Before he graced the obverse of the ten-cent coin, a dime, he faced personal challenges.
And one wonders, was the choice of his portrait on a dime rather than another coin the result of his charitable work.
Paralysis – scary then, scary now…
In August 1921, Franklin D. Roosevelt woke one morning to find himself paralyzed from the waist down.
Generally, polio struck people much younger, especially children. However, at age 39, Mr. Roosevelt contracted the disease and suffered its side effects.
Though his legs recovered from total paralysis, he never regained the ability to walk without aid.
Mr. Roosevelt found Georgia’s warm springs and their therapeutic minerals helped his legs.
In 1926, he started the non-profit Georgia Warm Springs Foundation to help other persons disabled with polio.
While president in 1937, Mr. Roosevelt announced a new national non-profit organization, the National Foundation for Infantile Paralysis (NFIP).
In earlier years, the President held Presidential Balls near his birthday in January of each year. He used the balls to solicit donations from wealthy individuals for his non-profit organization.
Prior to the 1938 Presidential Balls, Eddie Cantor, a popular comedian, coined the phrase “March of Dimes” and used the media of the era, radio, to request donations from the American people.
Cantor also gathered other popular entertainers of the day, Jack Benny, Bing Crosby, Rudy Vallee, Deanna Durbin, Lawrence Tibbett, Jascha Heifetz, Joe Penner, Kate Smith, and Edgar Bergen with his puppet Charlie McCarthy.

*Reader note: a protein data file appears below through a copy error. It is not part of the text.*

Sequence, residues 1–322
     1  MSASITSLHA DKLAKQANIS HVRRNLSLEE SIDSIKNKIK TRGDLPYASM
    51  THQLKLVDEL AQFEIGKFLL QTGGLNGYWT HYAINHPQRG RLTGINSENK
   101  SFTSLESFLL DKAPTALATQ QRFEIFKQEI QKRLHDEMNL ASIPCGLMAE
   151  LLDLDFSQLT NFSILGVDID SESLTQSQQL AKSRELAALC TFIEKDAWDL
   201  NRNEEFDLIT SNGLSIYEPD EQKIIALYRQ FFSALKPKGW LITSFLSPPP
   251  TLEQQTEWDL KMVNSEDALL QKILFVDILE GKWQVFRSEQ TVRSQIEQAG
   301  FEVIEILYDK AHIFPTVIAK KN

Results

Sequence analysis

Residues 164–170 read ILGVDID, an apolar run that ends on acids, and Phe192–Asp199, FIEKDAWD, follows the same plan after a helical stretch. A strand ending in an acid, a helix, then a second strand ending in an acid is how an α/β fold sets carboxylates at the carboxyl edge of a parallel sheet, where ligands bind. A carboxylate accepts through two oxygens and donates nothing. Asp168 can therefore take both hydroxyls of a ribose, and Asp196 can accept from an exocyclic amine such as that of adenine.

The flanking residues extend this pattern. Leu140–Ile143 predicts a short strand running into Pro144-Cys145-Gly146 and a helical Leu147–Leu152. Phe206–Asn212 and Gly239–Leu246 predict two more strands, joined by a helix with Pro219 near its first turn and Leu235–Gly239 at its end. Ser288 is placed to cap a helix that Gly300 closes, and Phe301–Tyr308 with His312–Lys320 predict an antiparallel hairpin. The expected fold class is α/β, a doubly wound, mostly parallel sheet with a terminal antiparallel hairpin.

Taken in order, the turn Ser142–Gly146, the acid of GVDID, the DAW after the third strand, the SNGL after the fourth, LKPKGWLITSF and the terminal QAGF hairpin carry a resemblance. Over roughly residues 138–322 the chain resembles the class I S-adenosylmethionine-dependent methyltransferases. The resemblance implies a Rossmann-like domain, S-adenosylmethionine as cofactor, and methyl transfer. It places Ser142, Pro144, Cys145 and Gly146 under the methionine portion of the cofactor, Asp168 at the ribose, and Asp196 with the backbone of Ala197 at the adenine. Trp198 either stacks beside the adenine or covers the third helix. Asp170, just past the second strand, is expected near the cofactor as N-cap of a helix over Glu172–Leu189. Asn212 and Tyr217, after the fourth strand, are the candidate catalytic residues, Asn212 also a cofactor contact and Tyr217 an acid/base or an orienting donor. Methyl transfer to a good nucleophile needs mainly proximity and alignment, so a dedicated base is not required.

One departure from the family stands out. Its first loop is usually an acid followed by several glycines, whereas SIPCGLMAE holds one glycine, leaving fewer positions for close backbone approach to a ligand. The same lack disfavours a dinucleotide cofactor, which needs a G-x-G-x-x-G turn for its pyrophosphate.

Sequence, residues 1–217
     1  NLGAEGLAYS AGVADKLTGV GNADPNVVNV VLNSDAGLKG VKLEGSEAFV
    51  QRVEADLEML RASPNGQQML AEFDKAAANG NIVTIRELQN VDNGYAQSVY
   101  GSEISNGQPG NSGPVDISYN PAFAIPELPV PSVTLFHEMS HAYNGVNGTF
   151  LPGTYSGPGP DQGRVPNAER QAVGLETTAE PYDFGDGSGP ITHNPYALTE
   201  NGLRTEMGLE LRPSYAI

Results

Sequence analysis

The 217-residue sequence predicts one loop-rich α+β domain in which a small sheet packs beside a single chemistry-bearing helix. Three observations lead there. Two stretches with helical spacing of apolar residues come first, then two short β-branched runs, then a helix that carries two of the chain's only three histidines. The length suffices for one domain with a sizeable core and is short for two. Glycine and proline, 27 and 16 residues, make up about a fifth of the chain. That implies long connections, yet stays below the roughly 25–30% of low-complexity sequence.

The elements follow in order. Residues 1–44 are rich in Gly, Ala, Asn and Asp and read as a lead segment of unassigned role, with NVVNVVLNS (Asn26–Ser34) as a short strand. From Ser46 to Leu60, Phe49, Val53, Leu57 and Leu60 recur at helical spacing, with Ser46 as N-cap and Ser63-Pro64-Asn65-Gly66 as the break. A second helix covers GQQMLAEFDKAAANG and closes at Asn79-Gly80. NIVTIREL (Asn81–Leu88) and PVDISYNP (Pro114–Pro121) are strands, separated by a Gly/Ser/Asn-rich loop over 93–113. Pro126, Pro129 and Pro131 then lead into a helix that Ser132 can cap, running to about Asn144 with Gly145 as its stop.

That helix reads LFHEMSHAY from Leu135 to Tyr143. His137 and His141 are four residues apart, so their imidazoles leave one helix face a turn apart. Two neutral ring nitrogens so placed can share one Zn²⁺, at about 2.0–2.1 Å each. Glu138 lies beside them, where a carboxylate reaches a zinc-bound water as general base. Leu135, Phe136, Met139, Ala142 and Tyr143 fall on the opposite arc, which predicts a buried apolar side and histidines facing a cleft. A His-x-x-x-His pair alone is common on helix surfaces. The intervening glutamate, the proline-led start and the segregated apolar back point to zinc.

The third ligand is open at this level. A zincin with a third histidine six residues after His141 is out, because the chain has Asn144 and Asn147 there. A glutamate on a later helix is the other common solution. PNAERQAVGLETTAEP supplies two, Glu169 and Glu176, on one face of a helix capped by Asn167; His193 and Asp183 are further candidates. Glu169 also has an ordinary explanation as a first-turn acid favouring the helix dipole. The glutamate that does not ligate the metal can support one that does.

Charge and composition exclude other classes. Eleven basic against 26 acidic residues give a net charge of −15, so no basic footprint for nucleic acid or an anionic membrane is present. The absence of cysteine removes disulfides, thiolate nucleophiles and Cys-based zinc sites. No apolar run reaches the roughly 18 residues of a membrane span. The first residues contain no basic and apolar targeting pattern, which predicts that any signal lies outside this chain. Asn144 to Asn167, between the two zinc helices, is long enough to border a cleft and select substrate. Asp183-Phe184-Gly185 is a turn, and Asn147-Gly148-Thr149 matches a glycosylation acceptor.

On the radio, Cantor appealed to the masses, “The March of Dimes will enable all persons, even the children, to show our President that they are with him in this battle against this disease. Nearly everyone can send in a dime, or several dimes. However, it takes only ten dimes to make a dollar and if a million people send only one dime, the total will be $100,000.”
The radio spots directed people to send the dimes to Mr. Roosevelt’s White House address.
At first, only a few dimes arrived, and the total equaled less than a twenty-dollar bill.
But, by his birthday in 1938, the struggling Americans sent their donations that arrived in several mailbags each day.
On January 29, 1938, President Roosevelt made his own radio address of thanks:
“During the past few days bags of mail have been coming, literally by the truck load, to the White House. Yesterday between forty and fifty thousand letters came to the mailroom of the White House. Today an even greater number – how many I cannot tell you, for we can only estimate the actual count by counting the mailbags. In all the envelopes are dimes and quarters and even dollar bills – gifts from grownups and children – mostly from children who want to help other children to get well. Literally, by the countless thousands, they are pouring in, and I have figured that if the White House Staff and I were to work on nothing else for two or three months to come we could not possibly thank the donors. Therefore… I must take this opportunity…to thank all who have aided and cooperated in the splendid work we are doing.”
Funded by the donations to the President’s non-profit organization, research over the next few years yielded vaccines that erased the polio epidemic in the United States.
In 1958, the organization, now known as the March of Dimes, changed their mission to helping prevent birth defects.
The Roosevelt Dime introduced in 1946 and still being produced today: